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1 CO-Funded Initial findings from Ireland. Brian O Neill & Thuy Dinh Initial Findings from Ireland February 2014

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3 Net Children Go Mobile: Initial Findings from Ireland Brian O'Neill, Thuy Dinh February 2014 Please cite as: O Neill, B. & Dinh, T. (2014). Net Children Go Mobile: initial findings from Ireland. Dublin: Dublin Institute of Technology. Acknowledgements: The authors would like to thank Giovanna Mascheroni, Kjartan Ólafsson and members of the Net Children Go Mobile consortium and Simon Grehan for their assistance in producing this report. Particular thanks are due to Deirdre McDonnell, Gavin O Leary, Breda Connaughton, Patricia Brennan and Albert Jordan for their support of the project in Ireland. The support of the Department of Education and Skills (Central Policy Unit) is hereby gratefully acknowledged. The project is also supported under the National Digital Strategy, Phase 1: Digital Engagement (Department of Communications, Energy and Natural Resources). Net Children Go Mobile: initial findings from Ireland 3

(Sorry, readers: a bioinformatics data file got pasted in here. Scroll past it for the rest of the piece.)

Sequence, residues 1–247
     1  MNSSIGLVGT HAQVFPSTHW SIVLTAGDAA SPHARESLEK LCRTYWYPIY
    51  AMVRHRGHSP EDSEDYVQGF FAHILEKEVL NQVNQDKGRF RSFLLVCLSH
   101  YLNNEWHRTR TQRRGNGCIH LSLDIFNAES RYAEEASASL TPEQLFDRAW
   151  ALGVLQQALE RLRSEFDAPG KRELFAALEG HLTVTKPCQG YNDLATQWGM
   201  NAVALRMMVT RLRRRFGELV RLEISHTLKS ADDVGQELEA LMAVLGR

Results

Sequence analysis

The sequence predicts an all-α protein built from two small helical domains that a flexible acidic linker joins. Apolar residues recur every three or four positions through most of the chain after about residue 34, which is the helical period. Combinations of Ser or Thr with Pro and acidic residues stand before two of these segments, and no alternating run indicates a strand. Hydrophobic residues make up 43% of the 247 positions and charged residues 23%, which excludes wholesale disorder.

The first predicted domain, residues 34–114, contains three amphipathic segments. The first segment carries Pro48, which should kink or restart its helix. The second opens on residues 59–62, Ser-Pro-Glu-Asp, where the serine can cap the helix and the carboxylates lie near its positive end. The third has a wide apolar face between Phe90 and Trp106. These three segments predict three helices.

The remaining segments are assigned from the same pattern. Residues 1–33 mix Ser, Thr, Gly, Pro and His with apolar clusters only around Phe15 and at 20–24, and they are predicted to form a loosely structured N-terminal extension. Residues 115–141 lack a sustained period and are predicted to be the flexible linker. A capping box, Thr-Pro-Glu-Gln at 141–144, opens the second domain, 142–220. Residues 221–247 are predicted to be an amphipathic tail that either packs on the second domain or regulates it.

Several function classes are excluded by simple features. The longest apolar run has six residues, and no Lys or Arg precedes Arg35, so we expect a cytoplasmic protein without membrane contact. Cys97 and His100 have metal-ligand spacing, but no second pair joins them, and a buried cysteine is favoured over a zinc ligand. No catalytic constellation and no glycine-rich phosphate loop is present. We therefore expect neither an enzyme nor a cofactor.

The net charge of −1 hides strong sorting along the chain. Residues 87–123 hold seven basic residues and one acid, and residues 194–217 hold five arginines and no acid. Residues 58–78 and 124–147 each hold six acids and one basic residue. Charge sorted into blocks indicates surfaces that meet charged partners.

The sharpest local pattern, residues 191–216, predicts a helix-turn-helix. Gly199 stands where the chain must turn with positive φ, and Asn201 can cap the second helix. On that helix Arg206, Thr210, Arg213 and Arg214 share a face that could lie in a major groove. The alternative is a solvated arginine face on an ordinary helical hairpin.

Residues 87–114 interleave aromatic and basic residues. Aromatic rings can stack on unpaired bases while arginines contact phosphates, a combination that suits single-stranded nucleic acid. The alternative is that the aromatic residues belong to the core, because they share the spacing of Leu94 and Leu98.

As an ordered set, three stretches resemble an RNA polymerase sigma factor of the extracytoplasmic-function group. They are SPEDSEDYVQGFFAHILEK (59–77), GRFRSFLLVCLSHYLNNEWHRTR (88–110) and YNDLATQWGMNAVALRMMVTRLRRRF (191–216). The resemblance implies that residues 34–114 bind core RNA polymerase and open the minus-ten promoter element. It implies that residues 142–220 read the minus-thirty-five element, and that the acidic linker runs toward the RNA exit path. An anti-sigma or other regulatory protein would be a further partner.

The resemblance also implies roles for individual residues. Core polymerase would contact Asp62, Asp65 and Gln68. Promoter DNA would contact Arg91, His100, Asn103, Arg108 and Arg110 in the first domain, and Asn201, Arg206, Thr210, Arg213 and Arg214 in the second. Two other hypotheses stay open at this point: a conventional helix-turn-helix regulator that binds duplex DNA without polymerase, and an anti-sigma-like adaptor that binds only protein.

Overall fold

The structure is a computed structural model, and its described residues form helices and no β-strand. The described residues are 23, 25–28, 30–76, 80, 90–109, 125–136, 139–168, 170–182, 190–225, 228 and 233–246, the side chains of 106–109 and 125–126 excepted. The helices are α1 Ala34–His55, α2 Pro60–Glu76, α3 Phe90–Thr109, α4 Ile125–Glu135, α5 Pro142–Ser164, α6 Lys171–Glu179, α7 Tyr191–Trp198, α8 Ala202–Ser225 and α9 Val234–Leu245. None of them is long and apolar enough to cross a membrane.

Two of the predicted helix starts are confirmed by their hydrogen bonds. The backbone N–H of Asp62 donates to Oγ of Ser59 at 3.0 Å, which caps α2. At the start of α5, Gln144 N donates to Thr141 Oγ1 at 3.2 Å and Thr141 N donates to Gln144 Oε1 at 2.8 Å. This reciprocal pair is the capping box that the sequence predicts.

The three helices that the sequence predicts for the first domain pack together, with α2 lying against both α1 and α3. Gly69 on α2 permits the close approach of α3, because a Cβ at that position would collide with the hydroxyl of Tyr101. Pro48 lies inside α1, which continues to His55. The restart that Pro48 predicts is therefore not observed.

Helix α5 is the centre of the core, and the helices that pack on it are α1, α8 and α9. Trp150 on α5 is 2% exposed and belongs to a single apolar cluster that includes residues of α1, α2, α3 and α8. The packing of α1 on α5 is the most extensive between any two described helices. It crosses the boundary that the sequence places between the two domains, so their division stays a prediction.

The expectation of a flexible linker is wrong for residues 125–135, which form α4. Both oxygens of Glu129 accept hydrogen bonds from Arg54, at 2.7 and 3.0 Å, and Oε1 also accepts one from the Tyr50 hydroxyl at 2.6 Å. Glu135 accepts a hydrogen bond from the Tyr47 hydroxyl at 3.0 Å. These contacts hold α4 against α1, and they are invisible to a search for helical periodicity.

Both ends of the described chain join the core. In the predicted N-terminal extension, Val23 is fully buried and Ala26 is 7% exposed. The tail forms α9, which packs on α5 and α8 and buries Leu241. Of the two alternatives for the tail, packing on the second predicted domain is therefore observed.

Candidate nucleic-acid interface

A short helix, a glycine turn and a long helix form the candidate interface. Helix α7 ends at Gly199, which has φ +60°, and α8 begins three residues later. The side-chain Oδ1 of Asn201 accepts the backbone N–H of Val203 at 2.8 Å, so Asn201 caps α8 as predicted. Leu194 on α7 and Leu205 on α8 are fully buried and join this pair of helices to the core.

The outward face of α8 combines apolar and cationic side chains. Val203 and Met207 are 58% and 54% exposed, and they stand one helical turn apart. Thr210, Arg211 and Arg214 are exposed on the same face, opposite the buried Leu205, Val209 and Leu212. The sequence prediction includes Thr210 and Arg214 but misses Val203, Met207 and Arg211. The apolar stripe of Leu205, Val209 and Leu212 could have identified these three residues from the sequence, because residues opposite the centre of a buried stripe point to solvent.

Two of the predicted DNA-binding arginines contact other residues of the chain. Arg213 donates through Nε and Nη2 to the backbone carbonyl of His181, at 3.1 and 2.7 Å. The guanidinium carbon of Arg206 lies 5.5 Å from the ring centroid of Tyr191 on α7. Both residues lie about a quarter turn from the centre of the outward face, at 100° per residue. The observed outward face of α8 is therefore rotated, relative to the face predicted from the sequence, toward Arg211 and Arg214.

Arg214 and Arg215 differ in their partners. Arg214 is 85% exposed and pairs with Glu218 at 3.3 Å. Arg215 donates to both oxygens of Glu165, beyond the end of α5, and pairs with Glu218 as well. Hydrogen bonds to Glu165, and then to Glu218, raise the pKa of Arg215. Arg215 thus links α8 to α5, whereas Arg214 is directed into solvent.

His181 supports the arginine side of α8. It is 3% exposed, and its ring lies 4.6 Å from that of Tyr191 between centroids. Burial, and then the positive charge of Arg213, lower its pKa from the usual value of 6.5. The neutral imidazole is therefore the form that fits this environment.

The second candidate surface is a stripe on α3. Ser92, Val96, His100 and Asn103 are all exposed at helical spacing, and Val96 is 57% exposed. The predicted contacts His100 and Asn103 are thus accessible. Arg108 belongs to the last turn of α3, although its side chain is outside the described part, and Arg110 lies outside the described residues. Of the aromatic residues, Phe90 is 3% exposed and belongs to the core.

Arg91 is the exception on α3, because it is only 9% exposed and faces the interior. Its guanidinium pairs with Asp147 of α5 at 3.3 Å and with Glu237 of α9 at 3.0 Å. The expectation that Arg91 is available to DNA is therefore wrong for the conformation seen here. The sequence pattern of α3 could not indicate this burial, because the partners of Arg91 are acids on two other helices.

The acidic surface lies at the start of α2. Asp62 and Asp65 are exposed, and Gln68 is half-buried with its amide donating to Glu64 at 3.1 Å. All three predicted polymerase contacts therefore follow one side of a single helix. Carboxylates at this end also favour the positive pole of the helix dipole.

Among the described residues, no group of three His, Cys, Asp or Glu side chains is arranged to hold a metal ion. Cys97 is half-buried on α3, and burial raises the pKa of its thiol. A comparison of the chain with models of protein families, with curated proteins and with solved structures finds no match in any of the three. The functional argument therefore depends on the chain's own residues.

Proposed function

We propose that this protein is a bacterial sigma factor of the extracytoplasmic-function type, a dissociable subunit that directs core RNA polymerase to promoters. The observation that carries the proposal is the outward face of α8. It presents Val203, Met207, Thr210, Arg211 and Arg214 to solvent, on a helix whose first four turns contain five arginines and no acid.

4 Contents 4.6 Other inappropriate content Summary Introduction The Net Children Go Mobile study Methods Further Reports Access and Use Where children use the internet How children access the internet Ownership Age of first use Mediation Parents Peers Teachers Conclusions References Online activities Types of online activities Smartphone users Social networking and media sharing platforms Risk and harm Overall perception of risk and harm Bullying Sexual messages Meeting new people Sexual images Net Children Go Mobile: initial findings from Ireland